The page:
The selection of optical materials is a critical step in the design of infrared optics. Traditional optical materials (optical glasses and plastics) used in the design of visible radiation optics aren’t suitable due to their high light absorption coefficient in the infrared range. Special materials with minimal possible absorption coefficients for infrared light are required.
The list of suitable materials is relatively small and can be divided into three groups:
Crystalline and polycrystalline optical materials;
Semiconductor optical material;
Chalcogenide optical materials (chalcogenide glasses).
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Crystalline and polycrystalline optical materials
Crystalline and polycrystalline optical materials’ transmittance is as high for infrared as for visible region radiation. This makes it possible to design and produce multispectral optical devices. Such devices work with both infrared and visible light with minute adjustments and their efficiency will be sufficient. Assembly and adjustment of the multispectral devices is simpler than infrared devices because visible light can be used to control these operations. The downside is that many of these materials including Barium Fluoride (BaF2), Lithium Fluoride (LiF), Silver Chloride (AgCl), and Sodium Chlorides (NaCl) have low mechanical strength and chemical resistance .
A second potential disadvantage is a low refractive index: it rarely exceeds 1.5. As a result, additional optical elements must be used to achieve the required optical characteristics. This could increase complexity as well as cost of the optical system and its manufacture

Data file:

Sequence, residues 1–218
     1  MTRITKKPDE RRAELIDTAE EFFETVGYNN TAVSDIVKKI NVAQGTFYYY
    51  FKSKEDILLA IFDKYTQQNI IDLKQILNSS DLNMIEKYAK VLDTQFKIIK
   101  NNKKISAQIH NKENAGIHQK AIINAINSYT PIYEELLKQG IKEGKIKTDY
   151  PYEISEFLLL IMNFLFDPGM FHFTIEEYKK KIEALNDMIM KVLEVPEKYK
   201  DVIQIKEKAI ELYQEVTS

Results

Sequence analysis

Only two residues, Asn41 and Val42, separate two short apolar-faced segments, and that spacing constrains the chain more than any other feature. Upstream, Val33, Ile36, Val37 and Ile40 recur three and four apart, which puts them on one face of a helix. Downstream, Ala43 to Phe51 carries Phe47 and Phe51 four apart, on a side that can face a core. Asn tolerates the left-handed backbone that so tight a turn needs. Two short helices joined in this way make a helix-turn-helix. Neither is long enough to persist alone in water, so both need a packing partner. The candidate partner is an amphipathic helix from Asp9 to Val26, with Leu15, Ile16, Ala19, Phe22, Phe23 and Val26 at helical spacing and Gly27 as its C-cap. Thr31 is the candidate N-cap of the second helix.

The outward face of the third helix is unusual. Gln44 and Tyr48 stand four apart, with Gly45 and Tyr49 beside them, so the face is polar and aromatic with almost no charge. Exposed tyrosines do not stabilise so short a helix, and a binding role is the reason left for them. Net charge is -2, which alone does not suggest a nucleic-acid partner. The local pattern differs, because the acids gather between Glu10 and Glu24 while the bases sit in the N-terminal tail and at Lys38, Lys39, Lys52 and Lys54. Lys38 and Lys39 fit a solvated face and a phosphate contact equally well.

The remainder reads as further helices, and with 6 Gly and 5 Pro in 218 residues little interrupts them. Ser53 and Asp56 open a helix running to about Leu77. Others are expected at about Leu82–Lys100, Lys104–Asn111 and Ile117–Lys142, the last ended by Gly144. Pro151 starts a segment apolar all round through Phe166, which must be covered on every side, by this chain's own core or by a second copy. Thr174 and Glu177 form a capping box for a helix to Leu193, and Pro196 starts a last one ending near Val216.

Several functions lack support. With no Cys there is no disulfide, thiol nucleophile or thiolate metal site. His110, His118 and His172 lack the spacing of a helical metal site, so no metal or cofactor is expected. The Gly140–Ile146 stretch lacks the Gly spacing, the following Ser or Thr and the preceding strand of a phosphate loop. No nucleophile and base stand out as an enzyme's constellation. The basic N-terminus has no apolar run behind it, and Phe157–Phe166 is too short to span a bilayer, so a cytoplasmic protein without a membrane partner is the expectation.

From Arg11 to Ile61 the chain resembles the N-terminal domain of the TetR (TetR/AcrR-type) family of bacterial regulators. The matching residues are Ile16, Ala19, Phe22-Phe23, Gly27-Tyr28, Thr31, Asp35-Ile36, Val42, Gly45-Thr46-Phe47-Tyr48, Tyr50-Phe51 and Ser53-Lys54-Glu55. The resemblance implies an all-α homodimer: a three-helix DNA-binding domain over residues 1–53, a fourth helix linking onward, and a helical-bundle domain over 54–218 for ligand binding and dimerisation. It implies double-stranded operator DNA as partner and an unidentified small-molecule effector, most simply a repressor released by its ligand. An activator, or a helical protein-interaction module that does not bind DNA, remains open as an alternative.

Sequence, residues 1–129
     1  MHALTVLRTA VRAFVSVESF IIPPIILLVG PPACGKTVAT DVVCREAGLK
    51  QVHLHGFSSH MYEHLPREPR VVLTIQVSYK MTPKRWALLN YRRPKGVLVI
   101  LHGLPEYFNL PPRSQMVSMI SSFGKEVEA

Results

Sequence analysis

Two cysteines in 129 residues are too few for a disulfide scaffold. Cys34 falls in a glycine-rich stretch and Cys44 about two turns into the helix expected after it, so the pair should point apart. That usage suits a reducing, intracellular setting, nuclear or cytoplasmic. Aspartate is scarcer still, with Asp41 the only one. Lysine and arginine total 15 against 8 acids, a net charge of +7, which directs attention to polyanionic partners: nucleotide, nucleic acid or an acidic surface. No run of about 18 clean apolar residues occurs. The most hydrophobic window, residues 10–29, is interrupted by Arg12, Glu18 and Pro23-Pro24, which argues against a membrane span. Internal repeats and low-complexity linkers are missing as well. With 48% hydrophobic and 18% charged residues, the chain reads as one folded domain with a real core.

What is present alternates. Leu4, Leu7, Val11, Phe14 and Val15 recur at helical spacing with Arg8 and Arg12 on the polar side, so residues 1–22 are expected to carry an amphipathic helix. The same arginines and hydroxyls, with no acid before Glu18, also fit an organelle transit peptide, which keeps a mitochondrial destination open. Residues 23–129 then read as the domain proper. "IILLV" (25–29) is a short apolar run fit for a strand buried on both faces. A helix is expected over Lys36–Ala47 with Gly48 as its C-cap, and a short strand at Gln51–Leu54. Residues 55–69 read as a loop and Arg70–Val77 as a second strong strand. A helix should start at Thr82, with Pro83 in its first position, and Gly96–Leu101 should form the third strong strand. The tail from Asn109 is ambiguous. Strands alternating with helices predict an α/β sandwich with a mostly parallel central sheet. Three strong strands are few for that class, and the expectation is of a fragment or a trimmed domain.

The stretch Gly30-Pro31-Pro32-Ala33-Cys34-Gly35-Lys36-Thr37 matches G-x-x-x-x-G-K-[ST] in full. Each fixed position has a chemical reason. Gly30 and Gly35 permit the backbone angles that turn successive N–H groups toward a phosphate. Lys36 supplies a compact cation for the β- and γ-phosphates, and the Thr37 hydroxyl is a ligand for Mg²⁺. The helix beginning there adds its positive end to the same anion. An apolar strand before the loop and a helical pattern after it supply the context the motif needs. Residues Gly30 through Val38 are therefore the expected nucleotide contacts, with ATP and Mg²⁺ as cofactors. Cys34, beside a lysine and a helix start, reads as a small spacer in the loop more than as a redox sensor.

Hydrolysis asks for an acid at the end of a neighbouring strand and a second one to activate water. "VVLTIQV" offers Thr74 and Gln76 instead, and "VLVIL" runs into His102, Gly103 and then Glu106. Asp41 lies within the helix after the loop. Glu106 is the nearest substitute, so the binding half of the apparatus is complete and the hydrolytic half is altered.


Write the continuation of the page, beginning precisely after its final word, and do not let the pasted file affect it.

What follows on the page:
The most suitable materials for production are crystalline and polycrystallines such as Zinc Selenide (ZnSe) and Zinc Sulfide (ZnS). These materials acquire optimal characteristics if they are manufactured according to CVD (Chemical Vapor Deposition) technology.
As an example, some optical characteristics of the Barium Fluoride (BaF2) are depicted below.
Semiconductor optical material
The main advantages of the optical semiconductor materials are their very high refractive index and low dispersion coefficient. This allows the design of optical systems with short focal length without the need for correction for chromatic aberration. This reduces the number of optical elements required and hence cost.
Semiconductor optical materials absorb visible light and their coefficient of absorption is rather high for infrared radiation. As a rule, it increases with increasing material temperature thus reducing their transmittance. An experienced designer avoids thick elements while using a minimal number of elements to preserve transmittance.
Optical devices which include semiconductor optical materials are harder to assemble and adjust because visible light cannot be used for this. This process requires special methods and equipment.
Semiconductor optical materials which are usually used in production of the thermal optics are Silicium (Si), Germanium (Ge), Cadmium Telluride (CdTe), and Gallium Arsenide (GaAs).
As an example, see below some optical characteristics of Germanium (Ge).
Chalcogenide optical materials (chalcogenide glasses)
Chalcogenide glasses have good bandwidth of infrared radiation but their refractive index is lower than that of semiconductor materials.
The main advantage of chalcogenide glasses is their very low refractive index temperature coefficient. This enables their use in the design of devices working in a very wide range of temperatures. The cost of these materials is however rather high. Some chalcogenide glasses include Amtir-1, IG6, BD2, and GASIR-1.
Below are depicted some optical characteristics of Amtir-1 as an example..
Want to learn more? This post provides a general overview of IR and thermal optics